• J in Section 125 says:

        Agreed with Team Pup. I haven’t gone into full panic mode yet. I would like the pieces to be in place ahead of March 7 so these guys can be in sync with one another. The point of Brotherly Game piece that really stuck with me is Curtain’s credibility. He has been saying that the signings are coming so this fan is holding him to those words.

      • The Black Hand says:

        Have to admit, I’m a little panicky. I don’t doubt that a signing will come…but we need a lot of signings to come. We are behind the ball…

      • Pup and J, I was a little over reactive about that article. But I literally read them one after the other. The one is telling me I can’t and shouldn’t panic until June (!?!?) and that our team is already better than last year (crazy). The other lists name after name of player within our own conference who have already been brought in, and those were only under the radar players. Supposedly that should be the Unions targets. I guess my question is, why are we the only ones who are so smart and waiting for these other transfer windows? Couldn’t we have done both?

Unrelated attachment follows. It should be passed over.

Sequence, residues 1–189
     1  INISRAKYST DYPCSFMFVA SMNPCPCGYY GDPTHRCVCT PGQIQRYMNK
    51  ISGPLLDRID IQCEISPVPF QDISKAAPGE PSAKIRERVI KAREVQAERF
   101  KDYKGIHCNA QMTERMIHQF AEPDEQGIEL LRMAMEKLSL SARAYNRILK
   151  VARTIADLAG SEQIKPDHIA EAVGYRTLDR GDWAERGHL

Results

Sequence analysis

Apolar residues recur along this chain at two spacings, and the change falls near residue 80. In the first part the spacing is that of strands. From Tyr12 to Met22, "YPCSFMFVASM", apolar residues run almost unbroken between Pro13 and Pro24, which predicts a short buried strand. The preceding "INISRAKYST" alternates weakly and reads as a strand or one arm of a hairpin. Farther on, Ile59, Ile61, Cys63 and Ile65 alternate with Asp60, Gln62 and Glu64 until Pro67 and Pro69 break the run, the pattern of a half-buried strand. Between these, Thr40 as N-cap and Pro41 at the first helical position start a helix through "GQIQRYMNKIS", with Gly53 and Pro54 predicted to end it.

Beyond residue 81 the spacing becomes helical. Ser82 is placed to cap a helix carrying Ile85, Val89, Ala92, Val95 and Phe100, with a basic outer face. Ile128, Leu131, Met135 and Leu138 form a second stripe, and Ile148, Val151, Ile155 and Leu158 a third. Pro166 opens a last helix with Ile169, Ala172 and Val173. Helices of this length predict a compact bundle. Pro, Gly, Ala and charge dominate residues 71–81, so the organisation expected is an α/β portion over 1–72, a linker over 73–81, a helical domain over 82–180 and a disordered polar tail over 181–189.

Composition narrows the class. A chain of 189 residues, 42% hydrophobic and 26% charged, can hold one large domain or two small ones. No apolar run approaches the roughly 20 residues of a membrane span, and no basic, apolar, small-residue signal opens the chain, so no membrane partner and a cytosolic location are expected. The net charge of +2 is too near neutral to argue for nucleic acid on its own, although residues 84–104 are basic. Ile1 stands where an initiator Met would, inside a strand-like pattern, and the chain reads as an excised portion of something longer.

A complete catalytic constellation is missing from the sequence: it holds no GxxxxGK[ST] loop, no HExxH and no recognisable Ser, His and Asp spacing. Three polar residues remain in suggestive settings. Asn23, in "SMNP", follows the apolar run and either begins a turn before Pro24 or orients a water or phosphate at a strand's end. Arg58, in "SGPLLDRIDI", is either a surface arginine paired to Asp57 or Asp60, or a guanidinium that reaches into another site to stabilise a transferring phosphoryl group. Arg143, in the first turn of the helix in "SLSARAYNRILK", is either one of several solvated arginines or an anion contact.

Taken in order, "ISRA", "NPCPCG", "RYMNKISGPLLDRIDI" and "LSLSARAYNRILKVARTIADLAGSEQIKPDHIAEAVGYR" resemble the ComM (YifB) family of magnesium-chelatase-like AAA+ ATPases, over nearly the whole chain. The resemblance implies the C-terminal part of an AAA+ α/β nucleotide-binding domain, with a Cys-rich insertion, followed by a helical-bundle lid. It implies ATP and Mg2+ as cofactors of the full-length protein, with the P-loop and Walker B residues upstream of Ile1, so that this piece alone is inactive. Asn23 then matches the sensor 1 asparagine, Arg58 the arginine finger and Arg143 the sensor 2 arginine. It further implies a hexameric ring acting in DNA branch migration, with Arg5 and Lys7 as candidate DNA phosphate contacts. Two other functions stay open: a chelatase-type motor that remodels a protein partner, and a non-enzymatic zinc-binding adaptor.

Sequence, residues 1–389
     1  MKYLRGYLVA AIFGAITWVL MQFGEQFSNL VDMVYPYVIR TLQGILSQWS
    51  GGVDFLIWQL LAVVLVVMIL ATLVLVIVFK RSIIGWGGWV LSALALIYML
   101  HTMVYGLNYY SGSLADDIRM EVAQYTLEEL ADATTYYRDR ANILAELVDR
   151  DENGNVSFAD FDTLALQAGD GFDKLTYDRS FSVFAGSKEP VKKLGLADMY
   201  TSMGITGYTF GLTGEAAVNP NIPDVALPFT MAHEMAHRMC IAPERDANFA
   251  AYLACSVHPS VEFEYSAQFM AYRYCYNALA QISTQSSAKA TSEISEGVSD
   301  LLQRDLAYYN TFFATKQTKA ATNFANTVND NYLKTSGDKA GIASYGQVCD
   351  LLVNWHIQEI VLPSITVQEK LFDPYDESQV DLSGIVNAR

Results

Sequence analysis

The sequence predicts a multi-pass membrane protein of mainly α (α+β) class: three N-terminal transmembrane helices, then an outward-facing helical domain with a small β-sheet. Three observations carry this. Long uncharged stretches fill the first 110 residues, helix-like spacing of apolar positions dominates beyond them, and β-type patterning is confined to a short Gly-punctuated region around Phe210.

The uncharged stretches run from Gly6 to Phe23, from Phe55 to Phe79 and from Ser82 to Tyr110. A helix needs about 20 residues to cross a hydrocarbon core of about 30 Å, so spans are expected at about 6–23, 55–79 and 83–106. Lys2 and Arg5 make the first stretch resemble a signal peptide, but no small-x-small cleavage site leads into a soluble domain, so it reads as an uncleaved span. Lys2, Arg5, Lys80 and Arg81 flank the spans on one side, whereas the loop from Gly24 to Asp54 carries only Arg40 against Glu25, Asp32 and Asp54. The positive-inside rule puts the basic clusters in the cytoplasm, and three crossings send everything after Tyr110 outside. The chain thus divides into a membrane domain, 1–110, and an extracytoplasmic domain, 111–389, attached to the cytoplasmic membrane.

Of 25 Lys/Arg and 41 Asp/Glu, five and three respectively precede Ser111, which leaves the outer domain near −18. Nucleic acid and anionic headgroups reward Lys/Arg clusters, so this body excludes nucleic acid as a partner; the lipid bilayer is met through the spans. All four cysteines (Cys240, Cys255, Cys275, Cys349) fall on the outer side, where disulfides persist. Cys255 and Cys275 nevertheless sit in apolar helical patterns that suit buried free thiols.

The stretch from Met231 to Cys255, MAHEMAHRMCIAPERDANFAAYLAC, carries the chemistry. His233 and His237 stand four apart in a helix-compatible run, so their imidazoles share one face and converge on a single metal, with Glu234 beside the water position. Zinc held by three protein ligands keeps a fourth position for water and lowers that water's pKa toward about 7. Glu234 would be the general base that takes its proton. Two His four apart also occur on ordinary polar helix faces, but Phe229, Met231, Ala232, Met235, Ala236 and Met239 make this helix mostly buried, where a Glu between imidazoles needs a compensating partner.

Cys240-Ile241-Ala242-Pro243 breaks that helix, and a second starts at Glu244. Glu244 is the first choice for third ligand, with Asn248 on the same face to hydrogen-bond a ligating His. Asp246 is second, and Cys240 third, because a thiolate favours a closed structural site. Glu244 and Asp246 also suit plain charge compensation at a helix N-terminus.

• Team Pup and Suds says:

        I think that every team’s situation is different, and for the Union I think our lack of moves right now is hinging upon Valdes’ move to Uruguay being completed one way or another. My guess would be that the FO and coaching staff need to figure out what’s happening with Valdes first so they know exactly how much money they have to play with (which makes sense if you’re a cash-strapped team, as we’ve been reminded time and again). I think once Valdes’ loan deal is finalized (hopefully today), then that’ll be the first domino that falls in a series of others over the next several days. Time will tell I suppose…

      • This all make sense and I hope you’re right, then we would be much better off. I just don’t know how much I trust them.

  9. Joel Prushan says:

    Bruce Arena, the Greg Popovich of MLS. Excellent coach, championship coach, and hilariously gruff and private.